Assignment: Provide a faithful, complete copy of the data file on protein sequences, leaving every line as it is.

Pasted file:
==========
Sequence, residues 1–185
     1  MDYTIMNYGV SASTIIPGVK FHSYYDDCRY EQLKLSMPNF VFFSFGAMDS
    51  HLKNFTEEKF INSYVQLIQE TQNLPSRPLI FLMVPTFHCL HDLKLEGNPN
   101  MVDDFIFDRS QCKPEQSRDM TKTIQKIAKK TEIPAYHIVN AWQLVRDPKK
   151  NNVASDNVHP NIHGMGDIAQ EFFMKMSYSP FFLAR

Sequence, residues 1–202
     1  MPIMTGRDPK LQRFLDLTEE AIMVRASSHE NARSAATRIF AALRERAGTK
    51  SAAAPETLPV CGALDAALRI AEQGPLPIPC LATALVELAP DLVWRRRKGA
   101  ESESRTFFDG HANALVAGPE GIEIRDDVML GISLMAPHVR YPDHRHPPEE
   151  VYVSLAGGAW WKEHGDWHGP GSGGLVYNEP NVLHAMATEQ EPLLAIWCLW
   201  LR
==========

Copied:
Sequence, residues 1–185
     1  MDYTIMNYGV SASTIIPGVK FHSYYDDCRY EQLKLSMPNF VFFSFGAMDS
    51  HLKNFTEEKF INSYVQLIQE TQNLPSRPLI FLMVPTFHCL HDLKLEGNPN
   101  MVDDFIFDRS QCKPEQSRDM TKTIQKIAKK TEIPAYHIVN AWQLVRDPKK
   151  NNVASDNVHP NIHGMGDIAQ EFFMKMSYSP FFLAR

Sequence, residues 1–202
     1  MPIMTGRDPK LQRFLDLTEE AIMVRASSHE NARSAATRIF AALRERAGTK
    51  SAAAPETLPV CGALDAALRI AEQGPLPIPC LATALVELAP DLVWRRRKGA
   101  ESESRTFFDG HANALVAGPE GIEIRDDVML GISLMAPHVR YPDHRHPPEE
   151  VYVSLAGGAW WKEHGDWHGP GSGGLVYNEP NVLHAMATEQ EPLLAIWCLW
   201  LR